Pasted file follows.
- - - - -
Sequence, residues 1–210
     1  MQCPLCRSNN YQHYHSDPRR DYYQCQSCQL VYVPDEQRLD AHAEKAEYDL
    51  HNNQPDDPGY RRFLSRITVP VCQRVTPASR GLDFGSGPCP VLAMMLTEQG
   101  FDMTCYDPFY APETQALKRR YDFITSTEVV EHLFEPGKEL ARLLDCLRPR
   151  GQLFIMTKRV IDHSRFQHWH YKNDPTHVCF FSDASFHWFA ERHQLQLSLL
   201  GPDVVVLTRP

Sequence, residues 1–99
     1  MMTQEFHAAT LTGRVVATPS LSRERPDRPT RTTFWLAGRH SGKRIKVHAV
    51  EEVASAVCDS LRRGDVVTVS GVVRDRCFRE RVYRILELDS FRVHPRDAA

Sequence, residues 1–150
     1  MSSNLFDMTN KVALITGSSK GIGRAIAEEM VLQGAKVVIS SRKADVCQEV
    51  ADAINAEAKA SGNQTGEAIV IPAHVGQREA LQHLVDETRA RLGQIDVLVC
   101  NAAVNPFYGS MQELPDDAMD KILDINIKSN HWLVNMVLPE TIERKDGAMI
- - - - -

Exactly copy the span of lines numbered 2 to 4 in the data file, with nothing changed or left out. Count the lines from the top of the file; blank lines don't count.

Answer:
     1  MQCPLCRSNN YQHYHSDPRR DYYQCQSCQL VYVPDEQRLD AHAEKAEYDL
    51  HNNQPDDPGY RRFLSRITVP VCQRVTPASR GLDFGSGPCP VLAMMLTEQG
   101  FDMTCYDPFY APETQALKRR YDFITSTEVV EHLFEPGKEL ARLLDCLRPR